Opinion | A QAnon song at Trump’s rally isn’t the only conspiracy he’s singing

At a Trump rally in Ohio on Saturday, the former president closed his speech to the strains of a melody widely associated with the QAnon conspiracy movement, which holds that the government is run by a secret cabal of satanic pedophiles.

En masse, audience members fully extended their right arms and pointed their index fingers as Trump proclaimed them to be “one movement,” apparently echoing the name of the song they were hearing, “WWG1WGA” — an abbreviation of the QAnon slogan “where we go one, we go all.”

Trump had used the same theme song earlier at a rally in Pennsylvania, and in a campaign video. He reposted an image of himself on his social media site in which he wore a “Q” lapel pin under the QAnon slogan, “The Storm is Coming” — one of dozens of QAnon-themed posts he has done lately.

He’s continuing to do this despite clear evidence that the paranoid madness (the QAnon fantasy ends in Trump’s opponents being executed) inspires violence. In Michigan this month, a man allegedly shot and killed his wife and dog and injured his daughter. Another daughter told the Detroit News that her father’s mental health had deteriorated as he fell deeper into “crazy ideas,” including QAnon, since the 2020 election.

In Pennsylvania a few days later, a man wearing a clown wig took a loaded gun into a Dairy Queen, then told police he was armed to “kill Democrats and liberals” and “restore Trump to president king.” A Facebook account that apparently belongs to the man was steeped in QAnon craziness.

Trump’s spokesperson asserted that the rally melody (the one that prompted the one-finger salutes) wasn’t the QAnon anthem “WWG1WGA” — but rather a totally different song that just happens to sound exactly like it.

In a sense it doesn’t matter what melody Trump uses. He’s singing the QAnon lyrics — and MAGA Republicans are backing him up in four-part harmony.

Virginia Gov. Glenn Youngkin, once thought by some to offer a Republican alternative to Trumpism, is heading to Arizona next month to campaign for GOP gubernatorial candidate Kari Lake, one of the most flamboyant election deniers in the country. As Politico’s Alex Isenstadt reported, Lake will be the “most MAGA-aligned candidate Youngkin has campaigned for.” Lake, in addition to referring to the 2020 election as the “big steal,” has associated her campaign with leading QAnon figures and has called for jailing her opponent.

A new survey by The Post finds that in the 19 most closely watched senatorial and gubernatorial races this year, 12 of the Republican candidates (including Lake) have declined to say whether they will accept the election results. This shows that refusing to accept the will of the people is now a feature, not a bug, of the MAGA GOP.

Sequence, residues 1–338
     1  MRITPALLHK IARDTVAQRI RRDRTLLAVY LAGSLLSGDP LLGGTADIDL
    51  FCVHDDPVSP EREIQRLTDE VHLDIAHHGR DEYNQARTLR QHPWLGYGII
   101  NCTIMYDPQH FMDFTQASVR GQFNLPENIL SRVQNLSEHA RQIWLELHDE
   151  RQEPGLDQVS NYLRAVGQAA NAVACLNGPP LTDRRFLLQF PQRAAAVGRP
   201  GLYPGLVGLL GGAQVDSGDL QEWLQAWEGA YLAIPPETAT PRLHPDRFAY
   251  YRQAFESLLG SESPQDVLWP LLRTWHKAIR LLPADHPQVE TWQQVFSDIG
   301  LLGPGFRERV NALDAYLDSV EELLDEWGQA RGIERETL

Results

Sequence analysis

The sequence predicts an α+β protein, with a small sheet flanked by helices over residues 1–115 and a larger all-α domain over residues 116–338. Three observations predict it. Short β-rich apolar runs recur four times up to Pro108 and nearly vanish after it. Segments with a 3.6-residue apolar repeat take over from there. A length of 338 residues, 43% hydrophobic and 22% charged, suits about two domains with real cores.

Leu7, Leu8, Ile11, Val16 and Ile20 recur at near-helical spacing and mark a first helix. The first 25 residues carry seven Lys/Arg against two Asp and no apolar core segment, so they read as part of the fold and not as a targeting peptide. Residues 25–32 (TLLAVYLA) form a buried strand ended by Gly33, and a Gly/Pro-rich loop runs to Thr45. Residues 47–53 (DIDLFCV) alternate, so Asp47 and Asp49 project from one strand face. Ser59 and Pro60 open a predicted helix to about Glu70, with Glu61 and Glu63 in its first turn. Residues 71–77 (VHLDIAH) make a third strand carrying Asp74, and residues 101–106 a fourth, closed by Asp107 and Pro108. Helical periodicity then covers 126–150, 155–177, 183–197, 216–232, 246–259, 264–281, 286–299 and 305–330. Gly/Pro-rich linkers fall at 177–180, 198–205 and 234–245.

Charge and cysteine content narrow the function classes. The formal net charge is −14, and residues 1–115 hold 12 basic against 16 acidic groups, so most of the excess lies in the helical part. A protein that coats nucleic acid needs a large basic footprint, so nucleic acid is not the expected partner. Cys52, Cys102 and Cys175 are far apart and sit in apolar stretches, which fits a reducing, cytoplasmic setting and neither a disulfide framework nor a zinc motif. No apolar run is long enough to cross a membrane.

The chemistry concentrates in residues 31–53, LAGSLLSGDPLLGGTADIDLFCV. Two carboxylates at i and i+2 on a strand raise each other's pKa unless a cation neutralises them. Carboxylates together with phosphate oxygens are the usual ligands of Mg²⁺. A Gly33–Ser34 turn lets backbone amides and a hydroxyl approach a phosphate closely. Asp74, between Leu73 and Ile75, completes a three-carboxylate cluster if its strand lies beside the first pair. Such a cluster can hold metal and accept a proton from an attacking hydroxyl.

After failing to generate headlines by sending busloads of migrants to Washington’s Union Station, Texas Gov. Greg Abbott raised the level of cruelty by dumping the baffled migrants in a residential neighborhood of D.C., near the vice president’s residence. Abbott’s fellow Republican, Gov. Ron DeSantis of Florida, raised the inhumanity still further, taking migrants who escaped political repression and economic desperation in Venezuela and flying them to Martha’s Vineyard — where DeSantis knew no safety net awaited them.

Fox News’s Tucker Carlson celebrated the migrants’ humiliation in a racist rant about “sweaty Third World campesinos” in “dirty work pants” who would have “an outdoor goat barbecue” on the island.

DeSantis isn’t limiting his disdain to refugees from Venezuela’s dictatorship. He ran a campaign ad this month that featured Pastor Larry Jinks, who, as the Jewish publication Forward reported, posted earlier this year that “it’s a shame that the Jews, who should know better, reject their own Messiah.” Jinks objected to peace and unity among religions, saying Jesus taught Christians “to be at odds with any religion that does not acknowledge Jesus.”

Not to be outdone, Doug Mastriano, the Republican nominee for governor of Pennsylvania, held a rally with Texas evangelical leader Lance Wallnau, a self-proclaimed Christian nationalist who has voiced pro-Putin conspiracy beliefs.

Trump, even before the QAnon melody and salute at his rally Saturday, treated his fans to a full range of delusionary conspiracy notions.

“The FBI colluded with Russia.”

“We have a president who is cognitively impaired.”

“We won the election by a lot.”

“They spy on my campaign.”

Positively everybody was conspiring in the “persecution of the MAGA movement.” The “deep state.” “Racist” (that is, Black) prosecutors. “Menacing forces.” The “enemy-of-the-people” media. FBI agents who “break into” his home.

“A vile group of corrupt, power-hungry globalists, socialists and liberal extremists in Washington has been waging war on the hardworking people of Ohio,” Trump told them. “… Our biggest threat remains the sick, sinister and evil people from within our country.”

QAnon, he’s playing your song.